Here at A New You we are your full service west El Paso Health Spa. Providing our microdermabrasion services questions and answers helps you in choosing the treatment that best suits you! If you have any questions please call, or contact us!
What is Microdermabrasion?
Here at A New You we use a diamond-tip wand technique. The crystal wand is used to lightly exfoliate the skin, while suctioning removes dead skin and plugs from your pores. Microdermabrasion makes it easier for skin care treatments, such as chemical peels and acne medication, to penetrate into the deeper layers of the skin and helps collagen build, which is what gives skin its fresh youthful look.
When Should I Get Microdermabrasion Done?
- Reducing fine lines and wrinkles
- Smooth coarsely textured skin
- Decrease the appearance of scarring
- Decrease pore size
- And reduces superficial hyper-pigmentation (aka age spots)
How Does Microdermabrasion Help in the Treatment of Acne?
As mentioned above, the diamond-tip wand will exfoliate the skin while the suctioning will remove the dead skin and the pore plugs that cause acne. Microdermabrasion can also help in reducing some superficial acne scars. However, this only works on whiteheads, blackheads, and mild forms of acne. Those inpiduals that have moderate to severe acne we recommend a different treatment.
“During the “The Use Of Microdermabrasion For Acne” pilot study, 25 patients received 8 microdermabrasion treatments at weekly intervals. Approximately 96% percent of patients were pleased and would recommend it to others. According to this pilot study: medical microderm has satisfactory to excellent results on acne.” – www.skinabrasion.net/acne.html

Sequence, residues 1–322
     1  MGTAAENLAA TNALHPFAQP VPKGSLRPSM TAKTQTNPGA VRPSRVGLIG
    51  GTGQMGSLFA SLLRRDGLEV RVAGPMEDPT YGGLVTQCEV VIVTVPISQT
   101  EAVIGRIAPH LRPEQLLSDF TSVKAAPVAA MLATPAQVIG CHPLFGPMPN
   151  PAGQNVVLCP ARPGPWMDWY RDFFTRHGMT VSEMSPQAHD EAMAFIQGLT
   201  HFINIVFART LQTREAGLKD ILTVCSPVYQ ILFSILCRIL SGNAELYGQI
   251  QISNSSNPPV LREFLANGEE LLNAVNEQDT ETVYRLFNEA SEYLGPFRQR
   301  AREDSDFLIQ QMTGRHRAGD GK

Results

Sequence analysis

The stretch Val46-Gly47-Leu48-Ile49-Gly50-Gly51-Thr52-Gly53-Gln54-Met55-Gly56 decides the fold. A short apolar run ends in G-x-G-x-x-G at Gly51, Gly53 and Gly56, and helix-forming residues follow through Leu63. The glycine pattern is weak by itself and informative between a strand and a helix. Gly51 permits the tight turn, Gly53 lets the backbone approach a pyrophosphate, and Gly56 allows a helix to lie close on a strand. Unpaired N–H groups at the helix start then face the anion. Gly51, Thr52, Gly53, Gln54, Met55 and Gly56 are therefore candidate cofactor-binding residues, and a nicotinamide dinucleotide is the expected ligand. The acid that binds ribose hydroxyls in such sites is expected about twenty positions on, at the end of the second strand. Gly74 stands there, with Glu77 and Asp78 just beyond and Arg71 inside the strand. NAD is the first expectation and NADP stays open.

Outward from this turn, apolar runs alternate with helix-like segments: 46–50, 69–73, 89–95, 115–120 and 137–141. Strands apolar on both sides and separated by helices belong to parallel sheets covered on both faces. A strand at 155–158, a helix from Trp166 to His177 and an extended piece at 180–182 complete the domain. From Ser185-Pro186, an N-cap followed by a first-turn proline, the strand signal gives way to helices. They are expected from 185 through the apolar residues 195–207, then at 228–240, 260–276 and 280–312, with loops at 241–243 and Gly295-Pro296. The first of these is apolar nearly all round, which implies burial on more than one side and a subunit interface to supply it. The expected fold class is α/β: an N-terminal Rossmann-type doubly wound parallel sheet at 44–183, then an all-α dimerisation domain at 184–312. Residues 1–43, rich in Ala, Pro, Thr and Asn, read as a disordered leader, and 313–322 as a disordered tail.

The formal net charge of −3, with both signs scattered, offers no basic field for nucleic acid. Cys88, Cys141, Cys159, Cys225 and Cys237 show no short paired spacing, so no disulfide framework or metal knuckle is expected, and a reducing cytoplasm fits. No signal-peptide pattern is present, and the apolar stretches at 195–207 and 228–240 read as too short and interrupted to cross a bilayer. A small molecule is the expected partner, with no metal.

What Skin Problems Are Not Suited For Microdermabrasion?
Microdermabrasion works especially well as a way to clean out clogged pores. It's a useful alternative for patients whose skin is too sensitive to use anti-acne drugs like Retin-A. It's not recommended for those who have active oral herpes lesions. Here's a list of the conditions that make someone unsuited for microdermabrasion:
- Active Rosacea
- Fragile Capillaries
- Vascular lesions
- Widespread acne
- Herpitic lesions (herpes)
- Open sores
- Skin lesions
- Anyone who takes anti-coagulants
Some Important Information on Microdermabrasion!
Microdermabrasion is one of the more recent skin-care techniques to have crossed over from Hollywood to the mainstream. It's being advanced as an "instant facelift"--an effective alternative to costlier and more invasive procedures like plastic surgery and Botox injections. Recently, more and more men are trying it, instead of pursuing cosmetic surgery.
So what exactly is microdermabrasion, what does it promise and what effect does it actually have on your face? Do you need a doctor, or is it something you can do yourself?
Microdermabrasion is a general term for the application of tiny rough grains to buff away the surface layer of skin. Many different products and treatments use this method, including medical procedures, salon treatments and creams and scrubs that you apply yourself at home. It's usually done to the face, chest, neck, arms or hands. Before we can understand how microdermabrasion does what it does, it's important to understand how skin works.
Your skin is made up of two main layers, the epidermis and the dermis. The epidermis is the layer closest to the outside world. It's a set of dead skin cells on top of another layer of cells that are in the process of maturing. The topmost layer is called the stratum corneum. The stratum corneum mostly acts as a barrier between the outside world and the lower skin layers. It keeps all but the smallest molecules from getting through.